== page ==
House fires are devastating experiences for homeowners. Fire damage to a home and the cherished possessions inside can leave you feeling displaced and vulnerable. It’s important to educate everyone in the house about basic fire prevention to avoid mistakes that can lead to disaster. Here are four fire hazards that you may not have considered before. Knowing they exist and how to take precautions against them is an important step in fire prevention.
It sounds strange, but dust that builds up over time essentially turns into tinder. Dust also often accumulates behind televisions, side tables with lamps on them, and other areas where there are electric plugs in sockets. A large enough build up of dust is at risk of igniting if something happens with an old extension cord or electric surge. Make sure to keep hidden areas as dust-free as possible to prevent dust buildups from catching fire.
Improper use and storage of batteries may not seem like a big deal, but if batteries are loose, they risk contacting other metal objects and completing a circuit. The odds are slim, but if connections are sustained long enough, they can ignite any flammable material they touch. 9-volt batteries pose the greatest risk. Many people keep a supply of 9-volt batteries in the house to power smoke alarms. Just make sure they are kept in packaging that will prevent contact with other metal objects.
If you’re looking for a way to save some cash by changing your own oil, make sure you know how to properly dispose of oil and care for oil-soaked rags in the garage. Oil-soaked cloths that are piled in a heap can eventually ignite themselves. In order to prevent this from happening, make sure to hang the rags outside or in a place where air can circulate so that fumes can escape.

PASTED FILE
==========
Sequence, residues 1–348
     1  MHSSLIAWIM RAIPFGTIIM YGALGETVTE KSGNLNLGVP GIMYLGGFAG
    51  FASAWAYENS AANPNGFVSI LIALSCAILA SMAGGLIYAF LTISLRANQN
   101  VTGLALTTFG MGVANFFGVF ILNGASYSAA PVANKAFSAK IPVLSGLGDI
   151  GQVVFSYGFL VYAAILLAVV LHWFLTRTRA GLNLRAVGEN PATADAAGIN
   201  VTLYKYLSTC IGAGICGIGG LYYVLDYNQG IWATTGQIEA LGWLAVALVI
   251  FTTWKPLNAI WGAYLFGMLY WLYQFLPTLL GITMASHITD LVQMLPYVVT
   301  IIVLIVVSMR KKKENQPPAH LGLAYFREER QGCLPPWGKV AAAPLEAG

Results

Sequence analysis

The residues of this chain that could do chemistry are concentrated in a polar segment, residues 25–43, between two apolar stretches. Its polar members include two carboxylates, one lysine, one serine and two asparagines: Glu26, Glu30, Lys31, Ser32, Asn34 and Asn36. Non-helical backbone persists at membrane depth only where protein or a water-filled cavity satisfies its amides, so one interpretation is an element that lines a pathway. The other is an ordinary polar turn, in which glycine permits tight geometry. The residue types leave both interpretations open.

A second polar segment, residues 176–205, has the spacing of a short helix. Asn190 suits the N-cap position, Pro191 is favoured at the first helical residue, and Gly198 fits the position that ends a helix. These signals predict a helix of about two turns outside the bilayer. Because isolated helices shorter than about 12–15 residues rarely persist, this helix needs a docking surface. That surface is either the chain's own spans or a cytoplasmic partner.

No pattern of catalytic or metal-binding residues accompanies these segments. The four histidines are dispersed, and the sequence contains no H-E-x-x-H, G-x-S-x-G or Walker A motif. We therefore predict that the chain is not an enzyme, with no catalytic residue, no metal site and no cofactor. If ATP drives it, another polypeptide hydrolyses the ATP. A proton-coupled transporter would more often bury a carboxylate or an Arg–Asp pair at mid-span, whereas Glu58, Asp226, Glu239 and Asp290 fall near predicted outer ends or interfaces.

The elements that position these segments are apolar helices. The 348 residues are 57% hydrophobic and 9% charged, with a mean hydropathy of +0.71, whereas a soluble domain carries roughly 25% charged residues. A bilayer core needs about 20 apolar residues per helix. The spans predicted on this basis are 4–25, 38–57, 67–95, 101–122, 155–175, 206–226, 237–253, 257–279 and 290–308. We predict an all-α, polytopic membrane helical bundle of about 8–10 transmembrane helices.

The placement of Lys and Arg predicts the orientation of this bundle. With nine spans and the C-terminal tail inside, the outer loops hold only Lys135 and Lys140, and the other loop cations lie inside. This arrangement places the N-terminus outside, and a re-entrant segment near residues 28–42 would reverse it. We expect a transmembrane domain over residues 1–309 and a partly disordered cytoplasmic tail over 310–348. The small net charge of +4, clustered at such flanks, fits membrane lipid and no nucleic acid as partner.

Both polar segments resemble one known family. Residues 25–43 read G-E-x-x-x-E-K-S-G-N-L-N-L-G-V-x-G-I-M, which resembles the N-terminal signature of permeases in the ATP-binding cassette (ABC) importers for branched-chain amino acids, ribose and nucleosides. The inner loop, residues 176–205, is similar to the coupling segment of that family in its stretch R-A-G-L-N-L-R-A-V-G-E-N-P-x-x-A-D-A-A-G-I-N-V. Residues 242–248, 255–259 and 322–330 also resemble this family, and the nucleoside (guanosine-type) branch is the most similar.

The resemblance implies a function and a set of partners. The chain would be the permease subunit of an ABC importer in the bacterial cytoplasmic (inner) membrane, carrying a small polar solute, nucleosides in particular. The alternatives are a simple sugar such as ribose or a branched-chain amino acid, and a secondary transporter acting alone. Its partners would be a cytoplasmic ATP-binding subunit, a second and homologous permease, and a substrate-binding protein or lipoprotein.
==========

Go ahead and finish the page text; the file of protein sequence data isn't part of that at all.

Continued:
Piles of Newspaper
Newspapers can pile up quickly. They are thick and come every day. Most people don’t manage to read the paper each day, and soon that corner in the living room or the recycling bin is where the stack of old newspapers ends up. Old paper is very flammable, and the larger the stack of newspaper grows, the greater the risk that it will come near a heat source and may catch on fire. Make sure to properly dispose of newspapers on a regular basis to avoid the threat of paper fire.
Many things can cause a house fire. It’s important that occupants take regular inventory of their homes and eliminate fire risks. Fire risks are not always as straightforward as a gas stove left on or a dropped match. They can sometimes be caused by things we haven’t thought of before. Talk to AFTERDISASTER-Metrolina today to talk about creating a fire prevention plan. AFTERDISASTER-Metrolina has been providing customers with fire cleanup service for years, helping families get back on track after the impact of a fire.